Imagine you are a merchant and you have received some bitcoins as a gift from one of your customers, for example, me, who knows how to use Bitcoin paper wallets very well.
I am evil, so I encourage you to import this wallet’s keys into a software wallet and also tell you to start accepting Bitcoin payments on it. And because I have evil intentions, I keep a copy of the private keys of the paper wallet I gave you as a gift. And now, whenever you receive a decent amount of payment on this imported paper wallet which is now in the software, I will be able to withdraw and steal your hard-earned money because I have the keys too.
And the merchant will be clueless as to why his funds are missing because he doesn’t understand the security harms of importing a key.
So you saw how importing could lead to this scenario, but if the merchant had swept his keys, the customer would not have tricked him. (I will explain the sweeping of keys in the next section of this article)
But it doesn’t mean that import is a bad feature and should not be used. It should be used if you are very well aware of its security implication and can take care of it.
When To Import Private Keys?
As a must-follow practice, you should only import those private keys that are only known to you, and nobody else will ever know.
Also, if someone else has given you the paper wallet, then you should not import those keys because chances are there that they have kept a copy of the keys. Instead, you should sweep those keys or paper wallets.
What Is Private Key Sweep?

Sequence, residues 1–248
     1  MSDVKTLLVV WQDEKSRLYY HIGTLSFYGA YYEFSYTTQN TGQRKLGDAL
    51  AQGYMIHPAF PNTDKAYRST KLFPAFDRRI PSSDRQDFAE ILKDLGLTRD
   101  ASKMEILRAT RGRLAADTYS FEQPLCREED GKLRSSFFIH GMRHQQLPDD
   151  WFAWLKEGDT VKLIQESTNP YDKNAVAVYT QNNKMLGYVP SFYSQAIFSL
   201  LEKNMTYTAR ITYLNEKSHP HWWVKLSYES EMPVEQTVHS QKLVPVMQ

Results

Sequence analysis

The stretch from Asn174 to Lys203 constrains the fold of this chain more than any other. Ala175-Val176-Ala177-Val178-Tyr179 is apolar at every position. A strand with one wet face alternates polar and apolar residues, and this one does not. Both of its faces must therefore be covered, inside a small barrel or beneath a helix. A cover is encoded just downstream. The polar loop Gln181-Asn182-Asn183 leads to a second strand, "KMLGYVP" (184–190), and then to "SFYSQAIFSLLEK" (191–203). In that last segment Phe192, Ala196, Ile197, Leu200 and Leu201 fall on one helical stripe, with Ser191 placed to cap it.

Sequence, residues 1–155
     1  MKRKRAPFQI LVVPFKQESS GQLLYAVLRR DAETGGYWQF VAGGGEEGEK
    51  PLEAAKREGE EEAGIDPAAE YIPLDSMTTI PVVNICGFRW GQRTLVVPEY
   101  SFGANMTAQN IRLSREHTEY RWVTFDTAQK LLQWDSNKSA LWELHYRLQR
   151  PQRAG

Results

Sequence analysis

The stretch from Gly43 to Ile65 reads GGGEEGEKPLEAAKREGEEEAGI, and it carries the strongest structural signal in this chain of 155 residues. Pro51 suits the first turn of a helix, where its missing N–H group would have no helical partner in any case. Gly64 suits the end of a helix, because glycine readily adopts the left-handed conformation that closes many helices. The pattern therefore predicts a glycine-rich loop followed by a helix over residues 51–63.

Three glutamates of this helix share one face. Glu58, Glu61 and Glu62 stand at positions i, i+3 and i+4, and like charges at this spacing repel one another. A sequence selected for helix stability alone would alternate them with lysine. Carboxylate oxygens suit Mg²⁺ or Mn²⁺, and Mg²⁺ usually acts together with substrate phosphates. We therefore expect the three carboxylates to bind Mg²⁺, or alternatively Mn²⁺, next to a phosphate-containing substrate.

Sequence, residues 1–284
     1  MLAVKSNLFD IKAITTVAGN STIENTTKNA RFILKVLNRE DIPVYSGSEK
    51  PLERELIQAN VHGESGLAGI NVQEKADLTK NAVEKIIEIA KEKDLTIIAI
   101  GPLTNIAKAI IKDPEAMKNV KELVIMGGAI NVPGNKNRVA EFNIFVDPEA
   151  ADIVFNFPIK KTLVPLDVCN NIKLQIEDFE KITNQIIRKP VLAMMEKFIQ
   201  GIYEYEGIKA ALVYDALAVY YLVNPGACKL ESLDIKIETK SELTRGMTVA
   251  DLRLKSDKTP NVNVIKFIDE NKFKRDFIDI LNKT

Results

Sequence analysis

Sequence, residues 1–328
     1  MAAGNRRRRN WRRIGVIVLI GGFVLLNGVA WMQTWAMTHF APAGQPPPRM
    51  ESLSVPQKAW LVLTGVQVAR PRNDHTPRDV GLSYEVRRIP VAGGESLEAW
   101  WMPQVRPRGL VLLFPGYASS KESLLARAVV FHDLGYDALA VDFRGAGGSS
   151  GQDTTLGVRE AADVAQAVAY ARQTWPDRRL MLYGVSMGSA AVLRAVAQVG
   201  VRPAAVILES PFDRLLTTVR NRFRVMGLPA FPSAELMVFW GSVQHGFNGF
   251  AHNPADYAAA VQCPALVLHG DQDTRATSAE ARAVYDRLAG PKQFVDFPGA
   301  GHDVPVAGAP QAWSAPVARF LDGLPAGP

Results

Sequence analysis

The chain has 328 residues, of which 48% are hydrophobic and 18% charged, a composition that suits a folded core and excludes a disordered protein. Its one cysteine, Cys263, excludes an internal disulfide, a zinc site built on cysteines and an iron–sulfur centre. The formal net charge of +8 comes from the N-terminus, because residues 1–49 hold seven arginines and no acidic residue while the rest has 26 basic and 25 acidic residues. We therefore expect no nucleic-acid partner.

Thought sweep and import may look the same, but a private key sweep is fundamentally different from the import of private keys. How? Read on.
When you sweep your paper wallet or private keys into a software wallet, you are basically creating a new transaction to a new public address which empties your source wallet, i.e., paper wallet.
In short, your bitcoins, after a sweep, will be sent to a new public address of your software wallet, which will now have a new private key that is stored in an encrypted form on your device.
And as it is like making a transaction on the blockchain to an address that you only control so an applicable miner’s fee or transaction fee will be deducted from your whole balance and the rest amount you will receive in your new wallet.
Also unlike in the case of import, after a sweep, your funds will be accessible and visible only from this software wallet in which you have swept your paper wallet.
When Should You Sweep?
So now the million-dollar question is, when should you sweep your private keys? So if your answer to all the below questions is YES, you should sweep your paper wallet.
- When someone will ever have access to your paper wallet’s private keys.